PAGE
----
Canberra needs a council of justice experts to act as a bridge between the criminal justice system and the general public, an academic says.

But the ACT Government says a sentencing council is not on the agenda. Next year the government will unveil a $2.2 million database which monitors sentencing trends so the legal community can access up-to-date information.

But University of Canberra senior lecturer Dr Lorana Bartels says it is a missed opportunity to provide the taxpayer with ''bang for its sentencing buck''.

Dr Bartels said developing a database without a council to interpret the information was '' a missed opportunity''.

Sentencing councils work by educating and engaging with the public by researching, disseminating, interpreting, educating and gauging public opinion on verdicts reached by the courts.

The Victorian Sentencing Advisory Council is regarded as the leading body in Australia, with 65,000 visitors to its website in 2011-12.

As well as monitoring trends and providing up-to-date information, sentencing databases aim to make sentences more consistent and less open to appeal, increasing the efficiency of the courts.

An ACT council appeared likely when the Stanhope government made a $633,000 election promise in 2008 to create a council to gather evidence on sentencing in the ACT.

But the government then allocated $2.2 million for the database at the June budget after an ACT Law Reform Advisory Council report found it nearly impossible to measure the effectiveness of suspended sentences because of the lack of data in the Supreme Court system.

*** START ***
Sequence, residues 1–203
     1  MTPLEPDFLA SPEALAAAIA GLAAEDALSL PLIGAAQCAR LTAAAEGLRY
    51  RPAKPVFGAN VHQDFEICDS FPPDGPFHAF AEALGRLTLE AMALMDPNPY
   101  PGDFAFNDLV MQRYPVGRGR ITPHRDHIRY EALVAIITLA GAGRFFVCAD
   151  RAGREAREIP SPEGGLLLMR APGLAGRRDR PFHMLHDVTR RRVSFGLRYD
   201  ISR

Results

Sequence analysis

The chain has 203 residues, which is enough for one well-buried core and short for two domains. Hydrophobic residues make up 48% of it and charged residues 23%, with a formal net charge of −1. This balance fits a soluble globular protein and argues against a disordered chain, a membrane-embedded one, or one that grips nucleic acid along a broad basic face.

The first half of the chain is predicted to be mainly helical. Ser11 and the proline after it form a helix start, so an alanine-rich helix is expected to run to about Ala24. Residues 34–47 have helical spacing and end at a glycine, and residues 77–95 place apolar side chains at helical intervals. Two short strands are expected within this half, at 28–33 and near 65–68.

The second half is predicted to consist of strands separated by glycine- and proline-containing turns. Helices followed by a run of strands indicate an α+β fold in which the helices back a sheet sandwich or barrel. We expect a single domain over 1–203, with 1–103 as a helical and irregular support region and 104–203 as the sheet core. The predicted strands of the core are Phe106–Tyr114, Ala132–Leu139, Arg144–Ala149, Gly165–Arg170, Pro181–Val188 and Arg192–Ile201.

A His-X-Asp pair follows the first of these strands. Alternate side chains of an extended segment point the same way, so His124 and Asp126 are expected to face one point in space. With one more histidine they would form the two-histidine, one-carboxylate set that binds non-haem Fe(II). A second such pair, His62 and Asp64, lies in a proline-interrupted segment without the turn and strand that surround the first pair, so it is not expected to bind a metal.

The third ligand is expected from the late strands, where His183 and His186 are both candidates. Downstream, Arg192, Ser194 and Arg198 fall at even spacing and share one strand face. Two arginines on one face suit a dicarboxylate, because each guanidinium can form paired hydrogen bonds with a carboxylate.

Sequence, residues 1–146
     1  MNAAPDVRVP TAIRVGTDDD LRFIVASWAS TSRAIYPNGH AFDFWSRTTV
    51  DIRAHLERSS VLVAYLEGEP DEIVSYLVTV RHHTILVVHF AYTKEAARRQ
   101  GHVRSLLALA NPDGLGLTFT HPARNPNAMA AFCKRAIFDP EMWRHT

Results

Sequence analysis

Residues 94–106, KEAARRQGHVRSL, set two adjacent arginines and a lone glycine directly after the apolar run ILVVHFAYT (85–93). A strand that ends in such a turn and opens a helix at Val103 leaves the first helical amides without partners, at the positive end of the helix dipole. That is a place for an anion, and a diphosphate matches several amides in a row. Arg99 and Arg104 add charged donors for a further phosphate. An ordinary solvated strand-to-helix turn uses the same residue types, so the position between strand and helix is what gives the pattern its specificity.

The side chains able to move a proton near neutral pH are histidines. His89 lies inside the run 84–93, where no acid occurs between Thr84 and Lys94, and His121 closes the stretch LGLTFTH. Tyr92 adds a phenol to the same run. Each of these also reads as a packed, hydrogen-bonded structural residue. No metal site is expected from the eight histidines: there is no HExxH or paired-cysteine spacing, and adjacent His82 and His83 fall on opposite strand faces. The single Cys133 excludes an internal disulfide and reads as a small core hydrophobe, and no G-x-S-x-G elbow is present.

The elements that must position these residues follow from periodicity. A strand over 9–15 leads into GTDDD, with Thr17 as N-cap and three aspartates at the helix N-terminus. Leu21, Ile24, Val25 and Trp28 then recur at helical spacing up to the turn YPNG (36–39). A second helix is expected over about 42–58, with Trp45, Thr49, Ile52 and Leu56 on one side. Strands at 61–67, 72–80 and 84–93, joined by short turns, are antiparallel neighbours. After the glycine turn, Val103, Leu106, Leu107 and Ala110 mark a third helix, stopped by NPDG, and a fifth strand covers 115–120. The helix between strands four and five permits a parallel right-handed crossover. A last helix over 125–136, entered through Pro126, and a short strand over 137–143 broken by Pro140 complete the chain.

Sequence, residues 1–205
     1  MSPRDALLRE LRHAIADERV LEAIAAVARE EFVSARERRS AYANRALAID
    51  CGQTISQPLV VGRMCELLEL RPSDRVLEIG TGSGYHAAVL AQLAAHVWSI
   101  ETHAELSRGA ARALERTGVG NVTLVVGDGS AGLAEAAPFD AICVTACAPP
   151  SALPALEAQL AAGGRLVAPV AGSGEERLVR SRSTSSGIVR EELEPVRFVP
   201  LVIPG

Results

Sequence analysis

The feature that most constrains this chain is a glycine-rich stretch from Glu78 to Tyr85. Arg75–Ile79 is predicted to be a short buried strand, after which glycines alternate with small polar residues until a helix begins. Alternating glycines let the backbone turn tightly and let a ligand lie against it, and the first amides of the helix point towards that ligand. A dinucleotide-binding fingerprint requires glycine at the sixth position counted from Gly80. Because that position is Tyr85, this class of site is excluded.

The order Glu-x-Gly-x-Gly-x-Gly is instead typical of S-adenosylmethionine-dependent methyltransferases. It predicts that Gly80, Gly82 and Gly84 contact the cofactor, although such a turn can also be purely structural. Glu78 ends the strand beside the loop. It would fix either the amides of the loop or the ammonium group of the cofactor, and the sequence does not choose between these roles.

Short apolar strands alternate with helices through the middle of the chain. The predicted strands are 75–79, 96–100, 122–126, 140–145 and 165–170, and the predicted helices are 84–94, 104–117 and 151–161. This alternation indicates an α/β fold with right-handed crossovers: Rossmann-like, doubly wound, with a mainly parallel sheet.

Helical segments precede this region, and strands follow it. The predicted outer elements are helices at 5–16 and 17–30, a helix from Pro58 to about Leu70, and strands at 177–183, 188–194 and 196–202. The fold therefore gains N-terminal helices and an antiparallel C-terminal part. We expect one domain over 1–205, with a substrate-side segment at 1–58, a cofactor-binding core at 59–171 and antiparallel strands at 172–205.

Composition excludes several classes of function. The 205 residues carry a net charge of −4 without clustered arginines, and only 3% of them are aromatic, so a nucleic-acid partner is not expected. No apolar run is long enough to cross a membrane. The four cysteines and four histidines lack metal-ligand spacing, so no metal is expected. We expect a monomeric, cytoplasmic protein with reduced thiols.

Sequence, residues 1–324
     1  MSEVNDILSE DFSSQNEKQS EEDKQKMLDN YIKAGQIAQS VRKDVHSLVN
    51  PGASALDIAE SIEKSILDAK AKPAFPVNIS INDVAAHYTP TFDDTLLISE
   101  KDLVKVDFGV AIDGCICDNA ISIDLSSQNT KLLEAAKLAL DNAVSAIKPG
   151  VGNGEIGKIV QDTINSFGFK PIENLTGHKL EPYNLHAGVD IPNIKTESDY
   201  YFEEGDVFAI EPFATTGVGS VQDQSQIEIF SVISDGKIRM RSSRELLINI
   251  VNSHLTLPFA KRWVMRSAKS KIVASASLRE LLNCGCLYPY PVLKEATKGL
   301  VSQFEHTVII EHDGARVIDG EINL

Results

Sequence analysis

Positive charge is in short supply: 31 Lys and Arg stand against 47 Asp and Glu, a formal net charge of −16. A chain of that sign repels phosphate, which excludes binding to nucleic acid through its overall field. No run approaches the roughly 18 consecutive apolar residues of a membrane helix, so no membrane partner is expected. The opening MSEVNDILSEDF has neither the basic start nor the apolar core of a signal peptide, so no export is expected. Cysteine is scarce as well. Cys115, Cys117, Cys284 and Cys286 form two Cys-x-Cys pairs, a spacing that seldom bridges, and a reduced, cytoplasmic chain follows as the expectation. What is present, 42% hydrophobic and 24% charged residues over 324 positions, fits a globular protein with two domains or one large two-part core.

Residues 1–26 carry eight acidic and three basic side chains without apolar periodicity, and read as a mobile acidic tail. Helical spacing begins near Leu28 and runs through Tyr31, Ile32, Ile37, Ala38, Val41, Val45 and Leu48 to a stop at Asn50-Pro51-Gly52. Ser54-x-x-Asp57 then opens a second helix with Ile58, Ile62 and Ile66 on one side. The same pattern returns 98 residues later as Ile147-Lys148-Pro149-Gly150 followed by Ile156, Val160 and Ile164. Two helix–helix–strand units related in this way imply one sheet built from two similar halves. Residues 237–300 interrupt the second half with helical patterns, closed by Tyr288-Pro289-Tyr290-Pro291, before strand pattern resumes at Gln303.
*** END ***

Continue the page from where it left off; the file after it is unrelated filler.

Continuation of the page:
ACT Attorney-General Simon Corbell said establishing a database was the priority.

''The database will improve the quality, availability and access to sentencing statistics and information, case summaries and judgments,'' Mr Corbell said.

''The availability of reliable and comprehensive sentencing data is a necessary first step before further consideration is given to the possible establishment of a sentencing council.''

Mr Corbell said the database would be available to both criminal justice stakeholders and the community.

He said no decision had been made on whether an annual subscription fee would be charged.

But Dr Bartels said the data would be hard to interpret for many in the community.

''Although the proposed sentencing database is a welcome addition to the ACT sentencing landscape, and will doubtless answer many questions for judicial officers and policymakers about sentencing practice, it is arguably an incomplete response,'' Ms Bartels said.

''Sentencing councils have a critical role to play as a bridge between the criminal justice system and the general public. The ACT public deserves both accessible data and a council which can disseminate this information.''